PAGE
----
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1 December 2001 Sediment Evidence of Early Eutrophication and Heavy Metal Pollution of Lake Mälaren, Central Sweden
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Abstract
Lake Mälaren is the water supply and recreation area for more than 1 million people in central Sweden and subject to considerable environmental concern. To establish background data for assessments of contemporary levels of trophy and heavy metal pollution, sediment cores from the lake were analyzed. Diatom–inferred lake–water phosphorus concentrations suggest that pre-20th century nutrient levels in Södra Björkfjärden, a basin in the eastern part of Mälaren, were higher (c. 10–20 µg TP L−1) than previously assumed (c. 6 µg TP L−1). Stable lead isotope and lead concentration analyses from 3 basins (S. Björkfjärden, Gisselfjärden and Asköfjärden) show that the lake was polluted in the 19th century and earlier from extensive metal production and processing in the catchment, particularly in the Bergslagen region. The lake has experienced a substantial improvement of the lead pollution situation in the 20th century following closure of the mining and metal industry. The lead pollution from the old mining industry was large compared to late-20th century pollution from car emissions, burning of fossil fuels and modern industries.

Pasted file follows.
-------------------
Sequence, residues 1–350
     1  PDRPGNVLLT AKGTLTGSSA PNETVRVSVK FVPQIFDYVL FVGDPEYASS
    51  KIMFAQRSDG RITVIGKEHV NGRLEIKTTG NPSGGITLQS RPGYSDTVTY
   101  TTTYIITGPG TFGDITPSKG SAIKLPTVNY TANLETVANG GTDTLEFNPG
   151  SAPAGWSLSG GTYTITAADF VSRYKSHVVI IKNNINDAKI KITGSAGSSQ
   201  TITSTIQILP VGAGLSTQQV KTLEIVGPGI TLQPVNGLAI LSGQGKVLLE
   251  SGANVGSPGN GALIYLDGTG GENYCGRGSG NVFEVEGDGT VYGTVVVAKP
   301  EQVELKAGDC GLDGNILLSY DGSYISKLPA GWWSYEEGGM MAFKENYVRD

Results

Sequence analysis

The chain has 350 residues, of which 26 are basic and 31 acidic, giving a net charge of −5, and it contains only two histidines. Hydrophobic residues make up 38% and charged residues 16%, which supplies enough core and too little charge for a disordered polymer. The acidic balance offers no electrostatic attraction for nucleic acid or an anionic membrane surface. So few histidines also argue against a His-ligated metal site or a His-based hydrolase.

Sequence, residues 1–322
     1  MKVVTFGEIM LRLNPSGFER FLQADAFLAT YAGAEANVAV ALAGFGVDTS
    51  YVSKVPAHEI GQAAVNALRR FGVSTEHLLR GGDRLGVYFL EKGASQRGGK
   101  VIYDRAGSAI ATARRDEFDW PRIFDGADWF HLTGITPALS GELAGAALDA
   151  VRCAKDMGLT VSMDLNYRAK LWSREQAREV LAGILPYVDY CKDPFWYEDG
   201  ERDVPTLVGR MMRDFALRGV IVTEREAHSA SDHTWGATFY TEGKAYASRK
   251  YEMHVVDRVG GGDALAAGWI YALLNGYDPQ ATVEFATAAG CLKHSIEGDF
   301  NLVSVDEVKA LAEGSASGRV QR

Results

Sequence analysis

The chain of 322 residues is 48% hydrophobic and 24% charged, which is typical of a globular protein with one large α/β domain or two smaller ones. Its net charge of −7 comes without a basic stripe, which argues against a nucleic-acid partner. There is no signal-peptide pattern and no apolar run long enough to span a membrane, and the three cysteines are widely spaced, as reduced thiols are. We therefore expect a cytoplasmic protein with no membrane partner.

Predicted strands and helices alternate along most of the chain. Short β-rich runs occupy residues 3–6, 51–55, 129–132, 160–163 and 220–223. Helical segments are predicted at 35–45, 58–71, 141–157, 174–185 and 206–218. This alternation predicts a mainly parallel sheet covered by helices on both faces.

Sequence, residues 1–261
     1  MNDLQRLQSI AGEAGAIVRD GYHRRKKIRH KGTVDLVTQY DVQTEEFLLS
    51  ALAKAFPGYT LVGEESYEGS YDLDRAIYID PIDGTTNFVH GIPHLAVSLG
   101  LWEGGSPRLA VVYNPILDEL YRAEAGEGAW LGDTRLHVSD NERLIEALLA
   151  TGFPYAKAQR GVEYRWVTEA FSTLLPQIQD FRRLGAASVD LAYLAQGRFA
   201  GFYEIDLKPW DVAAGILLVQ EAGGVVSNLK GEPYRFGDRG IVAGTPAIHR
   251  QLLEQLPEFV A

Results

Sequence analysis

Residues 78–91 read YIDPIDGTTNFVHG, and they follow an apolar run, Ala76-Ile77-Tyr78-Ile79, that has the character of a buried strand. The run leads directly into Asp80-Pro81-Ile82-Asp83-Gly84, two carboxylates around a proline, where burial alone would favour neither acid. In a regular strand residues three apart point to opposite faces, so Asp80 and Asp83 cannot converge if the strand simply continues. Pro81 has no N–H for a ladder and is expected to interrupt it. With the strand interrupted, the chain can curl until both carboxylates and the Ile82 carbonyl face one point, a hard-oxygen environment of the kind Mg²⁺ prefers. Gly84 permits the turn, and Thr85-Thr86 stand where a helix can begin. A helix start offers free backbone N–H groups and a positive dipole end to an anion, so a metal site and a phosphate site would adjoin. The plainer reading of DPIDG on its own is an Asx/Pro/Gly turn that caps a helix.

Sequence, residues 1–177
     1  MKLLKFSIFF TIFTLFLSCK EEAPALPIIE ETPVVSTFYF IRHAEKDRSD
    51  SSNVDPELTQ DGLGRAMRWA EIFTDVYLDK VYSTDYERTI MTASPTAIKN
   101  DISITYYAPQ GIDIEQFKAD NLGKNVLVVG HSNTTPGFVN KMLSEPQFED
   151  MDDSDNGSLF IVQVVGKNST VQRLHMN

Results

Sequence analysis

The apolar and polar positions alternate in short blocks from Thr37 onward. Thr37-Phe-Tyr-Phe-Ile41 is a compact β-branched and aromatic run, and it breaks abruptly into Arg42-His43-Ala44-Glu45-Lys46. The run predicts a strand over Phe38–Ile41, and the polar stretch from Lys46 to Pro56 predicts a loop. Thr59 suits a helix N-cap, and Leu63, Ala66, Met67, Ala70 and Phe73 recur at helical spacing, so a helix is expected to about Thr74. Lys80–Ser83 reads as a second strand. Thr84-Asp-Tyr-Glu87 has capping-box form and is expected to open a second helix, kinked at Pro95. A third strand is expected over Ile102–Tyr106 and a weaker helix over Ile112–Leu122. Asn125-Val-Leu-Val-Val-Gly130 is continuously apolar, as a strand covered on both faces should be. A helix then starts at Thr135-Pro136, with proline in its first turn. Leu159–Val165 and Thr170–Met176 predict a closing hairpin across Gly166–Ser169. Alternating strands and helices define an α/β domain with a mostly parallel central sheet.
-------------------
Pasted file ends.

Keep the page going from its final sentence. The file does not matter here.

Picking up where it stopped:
Ingemar Renberg, Richard Bindler, Emily Bradshaw, Ove Emteryd and Suzanne McGowan "Sediment Evidence of Early Eutrophication and Heavy Metal Pollution of Lake Mälaren, Central Sweden," AMBIO: A Journal of the Human Environment 30(8), (1 December 2001). https://doi.org/10.1579/0044-7447-30.8.496
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